The UK’s largest provider of inventory services says rising tenancy lengths make a combination of inventories and regular inspections more valuable than ever.
No Letting Go cites the latest English Housing Survey findings that private renters live in their home for 4.3 years on average – up from 3.9 years as recently as 2017.
The EHS found the average length of residence increasing with age, from a mean of 1.3 years for private renters aged 16 to 24, up to 5.7 years for those aged 45 to 64 and a much larger 17.5 years for private renters aged 75 and over.
While the time in current accommodation was relatively short, time in tenure appeared longer, according to the EHS, suggesting that private renters were moving home within the private rented sector.
It found that most private renters had rented from private landlords for a continuous period of three years or more. In total, 18 per cent had been private renters for three to four years, 24 per cent for five to nine years, and 30 per cent for 10 years or more.
“The trend has been this way for quite some time, with the average tenancy length slowly rising over the years. This isn’t surprising given the growth of the private rented sector among all ages in recent times, now accounting for 19 per cent of all households in England” explains Nick Lyons, founder of No Letting Go.
He continues: “While this is undoubtedly good news for landlords and letting agents, in terms of more tenancies, more rental income and more growth for all involved, longer tenancies also potentially increase the problems surrounding maintenance, repairs and wear and tear, which could in turn increase the number of issues at check-out.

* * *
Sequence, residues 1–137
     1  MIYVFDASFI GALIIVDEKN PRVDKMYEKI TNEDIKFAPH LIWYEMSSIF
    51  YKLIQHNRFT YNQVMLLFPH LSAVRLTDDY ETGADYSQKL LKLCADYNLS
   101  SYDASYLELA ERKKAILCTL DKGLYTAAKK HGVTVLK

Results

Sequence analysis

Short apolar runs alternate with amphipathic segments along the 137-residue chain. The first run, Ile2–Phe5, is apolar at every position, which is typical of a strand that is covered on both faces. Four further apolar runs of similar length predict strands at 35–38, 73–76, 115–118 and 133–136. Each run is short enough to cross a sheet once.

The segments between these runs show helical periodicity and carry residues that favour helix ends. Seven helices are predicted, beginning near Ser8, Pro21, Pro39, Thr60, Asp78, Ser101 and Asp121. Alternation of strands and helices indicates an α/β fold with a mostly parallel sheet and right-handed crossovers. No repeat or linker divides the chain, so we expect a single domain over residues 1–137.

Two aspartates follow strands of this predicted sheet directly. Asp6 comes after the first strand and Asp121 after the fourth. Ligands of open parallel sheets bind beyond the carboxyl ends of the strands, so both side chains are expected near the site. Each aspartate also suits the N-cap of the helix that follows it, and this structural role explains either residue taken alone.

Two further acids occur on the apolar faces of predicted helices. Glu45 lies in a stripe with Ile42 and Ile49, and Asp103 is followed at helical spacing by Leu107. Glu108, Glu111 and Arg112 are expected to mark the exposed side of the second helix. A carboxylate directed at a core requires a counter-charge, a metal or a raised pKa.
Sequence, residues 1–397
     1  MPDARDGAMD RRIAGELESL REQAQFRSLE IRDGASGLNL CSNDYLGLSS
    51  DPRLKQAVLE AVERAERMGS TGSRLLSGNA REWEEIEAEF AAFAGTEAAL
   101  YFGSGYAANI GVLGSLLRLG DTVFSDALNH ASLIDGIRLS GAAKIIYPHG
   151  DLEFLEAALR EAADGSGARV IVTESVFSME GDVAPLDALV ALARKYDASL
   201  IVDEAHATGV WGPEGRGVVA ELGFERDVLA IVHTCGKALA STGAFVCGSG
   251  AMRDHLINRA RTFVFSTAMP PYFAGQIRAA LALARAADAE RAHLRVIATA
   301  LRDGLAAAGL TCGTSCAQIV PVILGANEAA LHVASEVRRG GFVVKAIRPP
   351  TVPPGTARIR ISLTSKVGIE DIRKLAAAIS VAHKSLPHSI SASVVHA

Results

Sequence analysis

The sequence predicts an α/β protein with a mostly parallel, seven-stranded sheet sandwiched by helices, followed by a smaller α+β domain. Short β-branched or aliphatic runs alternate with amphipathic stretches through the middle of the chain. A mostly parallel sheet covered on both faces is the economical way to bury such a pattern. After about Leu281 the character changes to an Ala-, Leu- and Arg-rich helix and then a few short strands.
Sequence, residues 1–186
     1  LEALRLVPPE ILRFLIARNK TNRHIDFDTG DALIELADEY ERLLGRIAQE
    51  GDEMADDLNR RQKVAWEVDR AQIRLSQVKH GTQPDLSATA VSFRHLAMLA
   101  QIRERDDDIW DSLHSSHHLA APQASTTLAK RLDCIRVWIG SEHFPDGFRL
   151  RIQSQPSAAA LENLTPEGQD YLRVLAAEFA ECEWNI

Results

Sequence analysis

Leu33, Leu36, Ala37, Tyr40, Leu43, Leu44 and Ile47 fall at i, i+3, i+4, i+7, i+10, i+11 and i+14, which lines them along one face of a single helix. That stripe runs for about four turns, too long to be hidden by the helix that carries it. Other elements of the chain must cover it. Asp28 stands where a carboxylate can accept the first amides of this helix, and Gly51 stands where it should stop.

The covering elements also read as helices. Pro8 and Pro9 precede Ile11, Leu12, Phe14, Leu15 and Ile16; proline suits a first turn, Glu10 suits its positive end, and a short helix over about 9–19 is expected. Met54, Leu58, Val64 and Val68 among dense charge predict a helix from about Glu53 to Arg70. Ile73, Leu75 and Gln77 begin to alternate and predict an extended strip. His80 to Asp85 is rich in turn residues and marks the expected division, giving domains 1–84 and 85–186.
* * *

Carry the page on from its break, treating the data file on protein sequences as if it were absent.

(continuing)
“Rather than longer tenancies making inventories less vital, they actually make them more so to increase transparency, create a solid evidence trail and keep issues to a minimum if a tenant decides to move out for whatever reason.”
And he concludes: “No-one doubts that longer tenancies are better in terms of stability, peace of mind and comfort for landlords and tenants, as well as longer management contracts for agents – but it shouldn’t be a time to get complacent or to take tenancies for granted. Because long tenancies have a longer gap between the start and end, for obvious reasons, the need for the check-in report to be as thorough as possible is actually much greater.”
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